Yesterday afternoon, I took a tour given by one of the official guides to the City of London. Various tours are given each day providing a great introduction to the city. The tour I went on was called City Highlights. Although it introduced me to some of the grand buildings of the city, we also visited some interesting, small sites.
One of these unusual places was Postman’s Park, a beautiful, quiet park tucked between the large buildings and busy streets of downtown London. In this park is a unique monument to “heroic self sacrifice.” In 1887, George Frederick Watts, an artist who believed in art as a vehicle for social change, proposed a monument to honor heroes in everyday life. By 1900, his vision led to the unveiling of this memorial, which consists of plaques honoring individuals who lost their lives trying to save others. There are more than 50 plaques in this memorial, with the most recent one being added in 2009.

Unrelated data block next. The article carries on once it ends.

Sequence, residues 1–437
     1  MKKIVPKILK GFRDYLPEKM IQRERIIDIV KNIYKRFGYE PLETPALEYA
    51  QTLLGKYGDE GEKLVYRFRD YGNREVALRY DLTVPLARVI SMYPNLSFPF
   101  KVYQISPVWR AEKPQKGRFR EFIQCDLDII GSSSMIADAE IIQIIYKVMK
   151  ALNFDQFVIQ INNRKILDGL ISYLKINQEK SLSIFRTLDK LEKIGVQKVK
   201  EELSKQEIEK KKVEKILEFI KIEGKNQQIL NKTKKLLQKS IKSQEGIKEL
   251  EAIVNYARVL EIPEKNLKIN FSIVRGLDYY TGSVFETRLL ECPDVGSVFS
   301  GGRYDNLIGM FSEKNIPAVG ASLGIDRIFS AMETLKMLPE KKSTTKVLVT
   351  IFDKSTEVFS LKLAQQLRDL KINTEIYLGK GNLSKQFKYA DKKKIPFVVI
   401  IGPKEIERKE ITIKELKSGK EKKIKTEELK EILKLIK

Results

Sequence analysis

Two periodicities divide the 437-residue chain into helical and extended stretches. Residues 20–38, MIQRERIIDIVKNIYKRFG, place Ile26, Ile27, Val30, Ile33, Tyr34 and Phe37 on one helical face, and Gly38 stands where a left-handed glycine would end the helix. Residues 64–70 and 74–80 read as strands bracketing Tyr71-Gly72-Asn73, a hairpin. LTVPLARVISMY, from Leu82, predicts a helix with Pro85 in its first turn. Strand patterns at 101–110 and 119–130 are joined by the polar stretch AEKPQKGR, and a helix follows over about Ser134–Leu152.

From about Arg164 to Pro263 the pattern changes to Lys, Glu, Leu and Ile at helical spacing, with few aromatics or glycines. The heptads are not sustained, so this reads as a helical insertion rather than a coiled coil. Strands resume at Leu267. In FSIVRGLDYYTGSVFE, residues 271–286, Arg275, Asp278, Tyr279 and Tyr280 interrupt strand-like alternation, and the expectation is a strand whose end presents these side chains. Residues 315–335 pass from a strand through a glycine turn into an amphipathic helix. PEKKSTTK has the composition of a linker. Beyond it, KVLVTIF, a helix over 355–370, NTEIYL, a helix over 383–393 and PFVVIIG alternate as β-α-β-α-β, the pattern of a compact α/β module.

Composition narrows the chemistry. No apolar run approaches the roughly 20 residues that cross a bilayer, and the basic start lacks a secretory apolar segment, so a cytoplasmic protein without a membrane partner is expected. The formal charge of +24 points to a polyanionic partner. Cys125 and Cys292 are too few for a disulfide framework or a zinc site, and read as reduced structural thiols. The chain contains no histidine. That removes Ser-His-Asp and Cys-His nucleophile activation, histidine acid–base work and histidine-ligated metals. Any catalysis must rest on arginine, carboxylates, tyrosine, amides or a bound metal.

Another interesting stop on the tour was down a small and narrow alleyway. The tour guide wanted to show us how the practice of building structures so close to one another led to the rapid spread of the Great Fire of 1666, when buildings were constructed of wood and wattle. This little alleyway shows how many of the streets of old London would have looked.
To the left of this photo is a chop house called the George and Vulture. An inn has been associated with this site since the 1200s. This particular chop house was frequented by Charles Dickens and is mentioned several times in his book, The Pickwick Papers.
In other news, I looked at an apartment yesterday. We decided to put in an offer, so keep your fingers crossed! This apartment is located on the street where Fagin had his hideout in Oliver Twist. Wouldn’t that be appropriate?